Why women need to plan for their retirement
For many women, a happy retirement consists of three key elements: time, freedom, and peace of mind.
Time—for a good book, uninterrupted by a deadline or must-do project.
Freedom—to take a present-laden trip to see the kids, help out at the community bazaar, or make a spur-of-the-moment decision to extend that ski weekend another two days.
Peace of mind—to snuggle on the couch until midnight on a week night watching a favorite movie, not worrying about this bill or that one, or the need to obey the call of an alarm clock at the crack of dawn.
Heaven? No. Just retirement. And while the above may not approach your personal nirvana, you get the idea.
With improved life expectancy, the need to fund more years post retirement, and the recent sluggish economy, many women over 55 are facing up to the prospect of working longer. According to a global comparison in 2010, women in the United States outlive men by five years—80 for women and 75 for men—according to a Reuters report. Those are just the life expectancies at birth. By retirement, the gap widens even further.
Unfortunately, women usually have less saved for retirement. Let’s look at an example, and then at what steps you can take to help get on the right road for a long and financially secure retirement.
For love or money
Joanie and Jake learned a valuable lesson recently. It seems that when Jake works, it is always for love AND for money. No questions asked. But when Joanie works—because she has alternated between keeping the home and earning a paycheck—it is for love OR for money. The lesson: If they hadn’t done some focused retirement planning together, Joanie risked being short-changed big time financially in her senior years. The story is fairly typical.
After she married, Joanie worked until the children came, then spent a decade as an at-home mom, followed by nine years in banking before a mega merger left her free, so to speak, to pursue other goals.
Today, they’re empty nesters. While Jake works as a self-employed consultant from his office at the house, Joanie divides her time between part-time tax preparation and maintaining a beautiful organic garden. It’s a great life.
Here’s the problem. When looking at their retirement plans, they discovered that since Joanie’s years in the workforce were limited, her total retirement benefits will total less than $300 a month. Jake’s—the payoff for three decades plus of uninterrupted workforce participation—will be more than 10 times that. The situation isn’t all that uncommon. Unfortunately, this leaves many women unprepared for the future, financially.As husband and wife, Jake and Joanie learned there was a lot they could do. For starters, they began talking about money. They mapped out a retirement strategy that covered the whole range of “what if” scenarios: if he should die first, if she should die first, if they should divorce (yes, it needs to be addressed), if one became incapacitated, and so on.
You will in all likelihood need more retirement income than you thought. How do you make sure you don’t have a wake-up call like Joanie? Wherever you are in the retirement planning timeline, the key is to act now.
One scenarioLet’s assume that you will need $40,000 a year in today’s dollars at retirement. Let’s further assume that you will live six years longer than a man who is the same age as you. That means you will need nearly an additional $240,000 in retirement income! Some may come from Social Security; some may come from a pension at work. But you may need to make up a shortfall yourself—or run the risk of spending your retirement years struggling financially.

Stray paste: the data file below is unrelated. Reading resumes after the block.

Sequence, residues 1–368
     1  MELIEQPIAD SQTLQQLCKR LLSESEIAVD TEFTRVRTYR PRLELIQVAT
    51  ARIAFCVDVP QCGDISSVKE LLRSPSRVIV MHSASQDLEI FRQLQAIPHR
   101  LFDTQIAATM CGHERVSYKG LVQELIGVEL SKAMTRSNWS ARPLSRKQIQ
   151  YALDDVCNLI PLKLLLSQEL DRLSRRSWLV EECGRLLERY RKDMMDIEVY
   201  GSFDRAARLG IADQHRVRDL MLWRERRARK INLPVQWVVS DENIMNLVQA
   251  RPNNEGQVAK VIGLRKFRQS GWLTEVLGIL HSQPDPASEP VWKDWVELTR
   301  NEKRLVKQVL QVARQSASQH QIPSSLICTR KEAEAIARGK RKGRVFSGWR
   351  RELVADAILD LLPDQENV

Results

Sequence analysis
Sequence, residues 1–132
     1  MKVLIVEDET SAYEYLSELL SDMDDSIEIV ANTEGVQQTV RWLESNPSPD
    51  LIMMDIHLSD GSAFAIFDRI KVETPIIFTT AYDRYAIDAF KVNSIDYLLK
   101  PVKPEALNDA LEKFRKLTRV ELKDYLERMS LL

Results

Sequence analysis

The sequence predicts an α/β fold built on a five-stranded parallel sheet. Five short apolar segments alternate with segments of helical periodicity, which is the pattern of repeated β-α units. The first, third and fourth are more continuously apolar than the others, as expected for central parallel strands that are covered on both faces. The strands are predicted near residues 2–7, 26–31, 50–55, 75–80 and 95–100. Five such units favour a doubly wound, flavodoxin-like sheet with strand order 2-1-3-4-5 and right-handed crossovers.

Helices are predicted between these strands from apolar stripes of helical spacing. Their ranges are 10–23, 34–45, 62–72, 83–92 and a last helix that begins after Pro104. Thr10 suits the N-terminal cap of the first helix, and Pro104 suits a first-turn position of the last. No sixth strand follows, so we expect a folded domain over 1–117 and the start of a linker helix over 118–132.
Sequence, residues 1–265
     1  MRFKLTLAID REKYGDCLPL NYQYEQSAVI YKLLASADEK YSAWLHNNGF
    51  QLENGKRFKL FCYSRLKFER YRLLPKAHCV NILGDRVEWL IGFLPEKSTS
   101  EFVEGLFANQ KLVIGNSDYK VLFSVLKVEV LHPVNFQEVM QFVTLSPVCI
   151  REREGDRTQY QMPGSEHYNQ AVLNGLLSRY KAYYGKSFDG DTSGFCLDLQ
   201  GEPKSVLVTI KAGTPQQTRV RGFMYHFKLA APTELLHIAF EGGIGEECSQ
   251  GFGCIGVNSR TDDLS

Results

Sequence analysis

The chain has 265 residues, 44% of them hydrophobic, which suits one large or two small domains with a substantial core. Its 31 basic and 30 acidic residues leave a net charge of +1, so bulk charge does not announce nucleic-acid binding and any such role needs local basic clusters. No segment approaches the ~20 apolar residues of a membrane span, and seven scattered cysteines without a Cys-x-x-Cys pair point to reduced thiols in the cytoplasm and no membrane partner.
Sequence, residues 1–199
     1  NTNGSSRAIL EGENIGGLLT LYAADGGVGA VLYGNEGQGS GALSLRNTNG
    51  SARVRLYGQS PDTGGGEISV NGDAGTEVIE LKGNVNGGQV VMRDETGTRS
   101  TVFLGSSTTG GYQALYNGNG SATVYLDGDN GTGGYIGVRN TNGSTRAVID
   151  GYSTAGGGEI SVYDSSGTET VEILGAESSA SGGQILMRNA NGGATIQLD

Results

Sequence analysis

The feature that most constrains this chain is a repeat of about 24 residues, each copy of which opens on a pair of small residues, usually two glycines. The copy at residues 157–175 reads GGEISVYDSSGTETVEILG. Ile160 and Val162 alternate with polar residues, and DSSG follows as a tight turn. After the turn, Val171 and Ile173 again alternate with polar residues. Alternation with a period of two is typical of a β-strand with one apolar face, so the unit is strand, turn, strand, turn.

It doesn’t matter whether you are married or single; in your 20s or so close to retirement you can taste it. If you are not already actively and aggressively involved in making sure you will be financially secure, it’s time to take the plunge.
Unfortunately, many women are not doing anything about their situation. According to The 2009 Retirement Confidence Survey conducted by Employee Benefit Research Institute, workers who say they are very confident about having enough money for a comfortable retirement this year hit the lowest level in 2009 (13 percent) since the Retirement Confidence Survey started asking the question in 1993.
What to do right now:
Plan for a long life. If possible, make maximum contributions to qualified plans through work. Sacrifice in other areas if necessary.
Dare to dream. By making little sacrifices today, you can help lock in the retirement lifestyle and security you want tomorrow, helping to assure that your retirement years are in fact your golden years—safe, secure, free of financial worry.
Contact Social Security. Make sure your earnings records are right and find out how big your benefits checks will be at retirement. The toll free number is (800) 772-1213. Or you can reach them online at: www.ssa.gov. Do the same with your pension administrator at work, as well as with all administrators from previous positions.
Make maximum contributions. Take every advantage of your employer-sponsored 401(k) and other qualified plans and IRAs, as well as saving after-tax dollars in annuities and other financial vehicles.
Work closely with your spouse. Remember, odds are that you will outlive him; make sure your financial arrangements reflect that.
Your future is in your hands. Take charge of your retirement planning today.
A local New York Life agent would be happy to talk about your retirement income needs. To find one near you, simply click on the ‘Talk to Us’ button and we’ll begin the process.